Somalia's Islamist opposition leader has returned to the Horn of Africa nation after spending two years in neighbouring Eritrea, an Islamist group has said.
Sheikh Hassan Dahir Aweys, who is on the US list of terrorism suspects for his alleged links to al-Qaeda, arrived in Somalia on Thursday, according to Hizbul Islam, an umbrella group of four organisations, including the one that Aweys heads.
Aweys, the head of the Islamic Courts Union, which took control of large parts of the country in its battle against the interim government, still wields significant influence over some fighters.
Omar Abubukar, leader of Hizbul Islam, said: "[Aweys] will be staying with us, and we shall be having discussions on the current political situation in Somalia."
Aweys landed at an airstrip 50km from the capital, Mogadishu, witnesses said.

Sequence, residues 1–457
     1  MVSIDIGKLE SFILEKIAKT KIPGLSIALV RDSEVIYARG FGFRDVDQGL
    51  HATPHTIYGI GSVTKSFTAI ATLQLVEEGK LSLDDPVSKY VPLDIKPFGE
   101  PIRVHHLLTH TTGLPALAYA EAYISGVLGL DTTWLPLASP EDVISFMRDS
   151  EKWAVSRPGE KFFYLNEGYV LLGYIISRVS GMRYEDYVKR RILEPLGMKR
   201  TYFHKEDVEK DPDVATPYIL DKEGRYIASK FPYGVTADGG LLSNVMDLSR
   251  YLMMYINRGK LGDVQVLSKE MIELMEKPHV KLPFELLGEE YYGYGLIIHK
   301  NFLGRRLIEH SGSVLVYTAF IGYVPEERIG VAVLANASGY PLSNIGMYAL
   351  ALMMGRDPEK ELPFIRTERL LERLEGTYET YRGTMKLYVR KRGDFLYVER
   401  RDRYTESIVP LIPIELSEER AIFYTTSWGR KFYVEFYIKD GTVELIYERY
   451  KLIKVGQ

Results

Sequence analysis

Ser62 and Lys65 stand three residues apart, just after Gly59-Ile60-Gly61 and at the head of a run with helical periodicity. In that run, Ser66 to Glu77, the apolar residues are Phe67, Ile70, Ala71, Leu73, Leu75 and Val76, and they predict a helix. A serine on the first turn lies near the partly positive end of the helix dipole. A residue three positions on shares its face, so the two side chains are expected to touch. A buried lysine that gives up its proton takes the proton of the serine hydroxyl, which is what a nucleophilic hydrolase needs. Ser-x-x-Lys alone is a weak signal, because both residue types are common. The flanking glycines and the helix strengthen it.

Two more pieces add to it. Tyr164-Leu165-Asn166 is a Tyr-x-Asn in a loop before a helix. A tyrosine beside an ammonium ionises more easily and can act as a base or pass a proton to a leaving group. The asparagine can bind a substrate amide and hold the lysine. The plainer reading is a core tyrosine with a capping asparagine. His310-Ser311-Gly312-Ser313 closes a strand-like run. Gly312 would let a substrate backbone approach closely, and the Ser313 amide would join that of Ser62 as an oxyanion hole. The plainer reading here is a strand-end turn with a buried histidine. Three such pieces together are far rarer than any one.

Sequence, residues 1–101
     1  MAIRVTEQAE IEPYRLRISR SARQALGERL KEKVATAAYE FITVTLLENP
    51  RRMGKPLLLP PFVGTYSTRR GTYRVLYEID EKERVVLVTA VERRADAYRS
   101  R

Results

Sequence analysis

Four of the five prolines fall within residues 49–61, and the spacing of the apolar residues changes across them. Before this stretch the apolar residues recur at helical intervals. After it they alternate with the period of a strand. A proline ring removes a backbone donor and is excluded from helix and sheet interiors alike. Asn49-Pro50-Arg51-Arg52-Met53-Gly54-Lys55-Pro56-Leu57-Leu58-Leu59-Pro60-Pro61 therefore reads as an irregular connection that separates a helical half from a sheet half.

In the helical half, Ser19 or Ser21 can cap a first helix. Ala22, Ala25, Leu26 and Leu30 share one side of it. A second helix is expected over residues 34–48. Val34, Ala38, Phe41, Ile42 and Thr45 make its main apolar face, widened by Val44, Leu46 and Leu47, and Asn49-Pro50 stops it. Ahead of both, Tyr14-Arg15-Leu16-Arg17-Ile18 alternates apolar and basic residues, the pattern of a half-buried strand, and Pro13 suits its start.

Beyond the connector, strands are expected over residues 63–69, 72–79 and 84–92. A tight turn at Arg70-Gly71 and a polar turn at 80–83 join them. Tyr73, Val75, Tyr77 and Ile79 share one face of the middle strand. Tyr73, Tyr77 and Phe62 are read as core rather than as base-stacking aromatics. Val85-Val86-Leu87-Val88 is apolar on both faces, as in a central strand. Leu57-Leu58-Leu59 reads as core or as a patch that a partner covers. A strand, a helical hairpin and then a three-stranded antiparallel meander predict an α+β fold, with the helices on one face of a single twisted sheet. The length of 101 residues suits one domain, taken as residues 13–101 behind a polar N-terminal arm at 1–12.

Abubukar did not say how long Aweys would stay in Somalia. Aweys denies any link to terrorism.
Al Jazeera's Mohammed Adow, reporting from neighbouring Kenya, said: "It was largely an unexpected return... He is a senior cleric and has a lot of support from people in Mogadishu as well as different parts of the country.
"He was leader of the supereme council of the Islamic Courts Union (ICU), where the current president was also a political leader."
Aweys' return will have nothing to do with holding talks with the government, Adow said.
"He has come back, according to sources very close to him, to try to establish administrations in the areas under the control of Hizbul Islam, which was created earlier in the year when Sheikh Ahmed [Somalia's president] was elected."
Adow said the return of Aweys would complicate rather than salvage Somalia's political situation because "he holds a lot of power and support especially within the clans in Mogadishu".
He also represents clans that are unhappy with the formation of the new government, Adow reported.
Aweys' return coincided with a one-day international donors conference in Brussels, which is trying to help bring stability to the civil war-torn country.
The donors say that more than $250m is needed over the next year to improve security in a country that has been besieged by violence since 1991.